The experience of applying new knowledge to your usual routine
Rachel Orenstein UA’24 and Jim Stellar
This is an unusual title for a blog that you developed. Let’s take a moment to expand on what it means. After all, the last blog we wrote almost a year ago was about how your internship last summer altered the way you saw your academic classes.
Yes, and that continues to be true (especially in my current entrepreneurship class – with every new chapter, I come across something relevant to that internship).
After my internship last summer, which was immediately followed by a semester abroad in Dublin, I have returned to my classroom routine exactly as it was before either experience. I was left a bit disheartened at first because I felt I had not learned anything new or grown as a person all that much. I couldn’t see the immediate effects anymore. I feared they were gone. However, I took a trip with a friend over spring break (to Salem and Boston) and unexpectedly applied all sorts of new skills with ease (navigation, professionalism, confidence despite unfamiliarity, and so on). It was a great reminder that even if you are not actively employing new skills, they are still there when needed.
This is fascinating. What about the Salem/Boston experience brought out these new skills? Was it traveling again? Was it the discovery of a new kind of maturity that was not called out in your classes?
The Salem/Boston trip was the first time I traveled since returning from Ireland. I definitely think a big part of this self-rediscovery was the independence of being out on my own again. I currently live with my parents, and while I am still independent, I find many skills to be most prevalent when you are more centrally relying on yourself. While traversing these cities, I was responsible for safely getting myself wherever I needed to be. This required a lot of confidence and awareness. I doubt I could have done it prior to my experiences as an intern and as an international student, simply because I had not developed these traits enough.
Maturity is a complicated trait to define. My family used to tease me for having loads of “book smarts” but not a lick of “street smarts,” or common sense. And they were right, though I begrudgingly admit it. I always did well in school. But school is a simulation, a controlled environment. My confidence in academic exams – though beneficial – did not translate to confidence in dealing with hotels or public transportation or dark city streets. My experiences abroad and in a practical work environment taught me how to handle these things with maturity. As you said, it is just a type of maturity never brought out in the classroom.
The fact that you had to re-experience travel to become aware of your competencies developed previously in your Dublin trip makes the key point of this blog about implicit learning from experiences. It suggests that learning occurred in the limbic system that may not be so accessible to the neocortex or the conscious-explicit-planning mind. William Wordsworth said, “poetry is the spontaneous overflow of powerful feelings: it takes its origin from emotion recollected in tranquility.” So, as a final question for you, how do you think the conscious, symbolic mind gets to know its own implicit knowledge without reliving the experience?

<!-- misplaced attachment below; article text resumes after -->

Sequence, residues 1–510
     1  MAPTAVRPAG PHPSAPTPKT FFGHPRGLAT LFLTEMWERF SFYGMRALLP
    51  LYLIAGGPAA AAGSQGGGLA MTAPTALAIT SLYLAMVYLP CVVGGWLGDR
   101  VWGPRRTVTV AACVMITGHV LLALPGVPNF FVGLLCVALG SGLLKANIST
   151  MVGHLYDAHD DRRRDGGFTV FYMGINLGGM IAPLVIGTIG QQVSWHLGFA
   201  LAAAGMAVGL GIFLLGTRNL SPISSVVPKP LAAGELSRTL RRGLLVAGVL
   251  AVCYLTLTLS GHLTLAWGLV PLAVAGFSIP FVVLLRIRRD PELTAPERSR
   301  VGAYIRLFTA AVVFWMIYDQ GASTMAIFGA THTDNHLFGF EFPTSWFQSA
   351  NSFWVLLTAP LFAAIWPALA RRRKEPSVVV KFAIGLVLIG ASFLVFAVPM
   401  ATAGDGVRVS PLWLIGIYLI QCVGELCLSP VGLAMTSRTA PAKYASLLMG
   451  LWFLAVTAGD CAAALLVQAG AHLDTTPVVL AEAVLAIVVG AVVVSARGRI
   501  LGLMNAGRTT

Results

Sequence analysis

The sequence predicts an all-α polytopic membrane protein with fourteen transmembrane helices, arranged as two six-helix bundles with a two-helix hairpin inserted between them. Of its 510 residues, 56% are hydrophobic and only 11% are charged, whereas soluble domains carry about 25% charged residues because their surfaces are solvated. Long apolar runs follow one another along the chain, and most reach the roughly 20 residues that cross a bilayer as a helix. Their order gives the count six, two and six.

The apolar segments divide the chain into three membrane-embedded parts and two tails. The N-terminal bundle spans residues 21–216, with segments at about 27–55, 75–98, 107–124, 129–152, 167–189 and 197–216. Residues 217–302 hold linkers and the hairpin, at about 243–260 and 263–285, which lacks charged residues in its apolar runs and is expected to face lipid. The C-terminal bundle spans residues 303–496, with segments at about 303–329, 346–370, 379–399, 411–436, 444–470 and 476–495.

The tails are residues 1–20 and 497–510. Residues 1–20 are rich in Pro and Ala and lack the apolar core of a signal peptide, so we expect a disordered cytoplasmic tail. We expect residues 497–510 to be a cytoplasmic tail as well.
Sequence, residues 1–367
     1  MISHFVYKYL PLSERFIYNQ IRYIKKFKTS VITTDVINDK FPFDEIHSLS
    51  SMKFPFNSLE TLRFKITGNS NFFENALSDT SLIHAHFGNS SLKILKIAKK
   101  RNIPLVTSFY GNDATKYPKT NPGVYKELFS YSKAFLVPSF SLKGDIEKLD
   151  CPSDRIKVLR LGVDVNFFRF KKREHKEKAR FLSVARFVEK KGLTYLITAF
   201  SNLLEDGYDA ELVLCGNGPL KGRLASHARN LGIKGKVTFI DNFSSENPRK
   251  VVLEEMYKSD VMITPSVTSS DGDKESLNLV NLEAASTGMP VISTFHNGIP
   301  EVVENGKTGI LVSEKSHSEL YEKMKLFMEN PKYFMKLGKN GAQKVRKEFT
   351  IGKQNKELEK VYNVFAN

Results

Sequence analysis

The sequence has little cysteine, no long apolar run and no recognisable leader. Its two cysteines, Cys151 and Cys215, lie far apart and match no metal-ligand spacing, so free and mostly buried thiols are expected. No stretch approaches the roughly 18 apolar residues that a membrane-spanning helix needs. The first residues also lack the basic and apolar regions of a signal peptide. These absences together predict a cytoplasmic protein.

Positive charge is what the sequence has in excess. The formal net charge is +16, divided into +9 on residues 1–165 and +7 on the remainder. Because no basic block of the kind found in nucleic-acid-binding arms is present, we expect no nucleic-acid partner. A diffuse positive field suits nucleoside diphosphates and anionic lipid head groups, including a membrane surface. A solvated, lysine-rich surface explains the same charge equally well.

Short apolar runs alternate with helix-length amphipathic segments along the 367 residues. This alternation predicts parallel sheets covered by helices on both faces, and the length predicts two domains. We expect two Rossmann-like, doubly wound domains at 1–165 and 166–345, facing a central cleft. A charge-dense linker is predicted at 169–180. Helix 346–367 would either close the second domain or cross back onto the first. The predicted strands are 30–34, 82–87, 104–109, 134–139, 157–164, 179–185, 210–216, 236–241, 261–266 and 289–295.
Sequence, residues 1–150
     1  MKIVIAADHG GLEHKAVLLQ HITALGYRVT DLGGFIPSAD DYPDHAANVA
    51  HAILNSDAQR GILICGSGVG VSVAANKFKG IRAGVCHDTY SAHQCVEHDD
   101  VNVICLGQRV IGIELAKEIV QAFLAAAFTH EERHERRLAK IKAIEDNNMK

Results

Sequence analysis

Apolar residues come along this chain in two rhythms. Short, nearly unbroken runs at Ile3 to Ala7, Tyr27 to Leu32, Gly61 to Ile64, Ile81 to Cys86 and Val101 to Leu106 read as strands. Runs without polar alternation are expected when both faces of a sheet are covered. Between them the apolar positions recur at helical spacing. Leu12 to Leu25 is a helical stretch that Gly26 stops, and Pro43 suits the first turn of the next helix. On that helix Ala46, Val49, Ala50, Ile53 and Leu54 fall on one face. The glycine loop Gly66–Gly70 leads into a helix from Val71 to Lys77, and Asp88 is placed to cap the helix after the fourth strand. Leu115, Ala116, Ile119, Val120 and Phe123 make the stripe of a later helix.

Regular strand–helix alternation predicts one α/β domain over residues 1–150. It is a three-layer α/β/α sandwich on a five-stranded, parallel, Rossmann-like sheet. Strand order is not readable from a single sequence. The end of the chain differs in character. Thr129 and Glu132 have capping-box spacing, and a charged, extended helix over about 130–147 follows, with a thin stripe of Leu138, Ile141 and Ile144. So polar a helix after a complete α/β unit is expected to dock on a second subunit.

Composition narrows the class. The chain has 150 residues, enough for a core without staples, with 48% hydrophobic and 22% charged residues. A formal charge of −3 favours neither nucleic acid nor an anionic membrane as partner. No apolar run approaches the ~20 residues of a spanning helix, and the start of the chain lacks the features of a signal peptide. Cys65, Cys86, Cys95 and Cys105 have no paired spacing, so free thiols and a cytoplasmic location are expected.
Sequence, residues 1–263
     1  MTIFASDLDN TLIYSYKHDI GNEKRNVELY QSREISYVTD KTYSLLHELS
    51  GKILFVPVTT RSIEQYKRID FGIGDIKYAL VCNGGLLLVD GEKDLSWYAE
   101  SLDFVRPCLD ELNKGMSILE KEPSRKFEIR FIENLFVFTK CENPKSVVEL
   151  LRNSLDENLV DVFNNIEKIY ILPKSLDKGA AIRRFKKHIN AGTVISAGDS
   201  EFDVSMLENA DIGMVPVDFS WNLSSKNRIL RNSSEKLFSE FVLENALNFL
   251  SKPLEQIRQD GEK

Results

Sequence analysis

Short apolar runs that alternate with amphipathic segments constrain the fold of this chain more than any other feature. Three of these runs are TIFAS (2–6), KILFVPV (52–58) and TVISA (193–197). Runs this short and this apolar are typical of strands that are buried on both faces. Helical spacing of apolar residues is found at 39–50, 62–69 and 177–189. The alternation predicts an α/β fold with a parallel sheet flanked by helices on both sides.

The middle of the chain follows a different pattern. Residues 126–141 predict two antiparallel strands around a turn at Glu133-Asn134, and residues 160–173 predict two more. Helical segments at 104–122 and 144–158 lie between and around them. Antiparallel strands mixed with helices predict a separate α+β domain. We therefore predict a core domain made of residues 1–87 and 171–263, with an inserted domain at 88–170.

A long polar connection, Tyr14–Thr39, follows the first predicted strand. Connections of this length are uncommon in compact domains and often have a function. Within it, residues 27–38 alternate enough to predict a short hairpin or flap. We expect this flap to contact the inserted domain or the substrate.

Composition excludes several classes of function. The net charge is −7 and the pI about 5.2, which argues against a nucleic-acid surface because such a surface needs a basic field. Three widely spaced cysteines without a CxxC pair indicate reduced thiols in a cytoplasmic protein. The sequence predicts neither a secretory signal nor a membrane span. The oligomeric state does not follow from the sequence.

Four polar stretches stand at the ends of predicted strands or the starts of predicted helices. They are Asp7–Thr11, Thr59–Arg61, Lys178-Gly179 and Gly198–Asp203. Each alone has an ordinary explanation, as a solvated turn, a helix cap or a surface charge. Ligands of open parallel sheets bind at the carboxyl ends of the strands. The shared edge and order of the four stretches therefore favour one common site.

You have explained to me before how we do not think about our feet while we walk. We just walk. But if we were to turn around we would realize how far we have traveled. I think this anecdote is also applicable to understanding our own implicit knowledge. We never stop learning, whether we are consciously aware of it or not. But as we continue to do and make and learn, we can turn around and realize how far we’ve come. Our implicit knowledge and hidden skills are reflected in these paths. On this recent trip my friend and I were able to travel to unfamiliar cities alone and manage by ourselves. Afterwards, I realized that I could do this with ease because I had done similar things before in prior experiential learning.
To go back to the question, I might re-phrase it as follows: How do you learn what you already know? However you go about it, significant self-awareness seems to be required.
My first reaction is that life moves on, and then it changes. You find a routine, and then it changes. Life ebbs and flows, ebbs and flows, and change is the only constant. But you will notice, because your implicit knowledge is always expanding behind the scenes, that your new knowledge and skills are reflected in the things you continue to do and make and learn from. Practicing adjacent skills/seeing what transfers over, developing new skills that build upon existing ones you may not have realized were already there. Is this professional wisdom?
Finally, I have to comment on the quote. (Side note: Wordsworth is a fantastic name for a poet.) Growing up, like many young writers, I wrote poetry to make sense of my emotions. Very little of it is any good, of course, but at the time it was perfect to me. It was linguistic validation. Although I did not understand what I felt, I could catch the overflow of those emotions on paper. Containing those feelings in words gave me peace about them, just as Wordsworth describes. Similarly, noticing new skills utilized in your usual routine is validating. Although we may not understand the makings of our implicit knowledge, we can see its existence in the things we do and make. Most importantly, we can see it in our continued learning.
We wanted to add a bit of neuroscience here about how the brain changes everywhere all the time and we call that neuroplasticity. While the limbic-emotional system is also learning (implicit knowledge) from experience along with the neocortical-cognitive system (explicit knowledge), it still seems not to communicate with the neocortical system. That remains the challenge about which we continue to write in this blog series.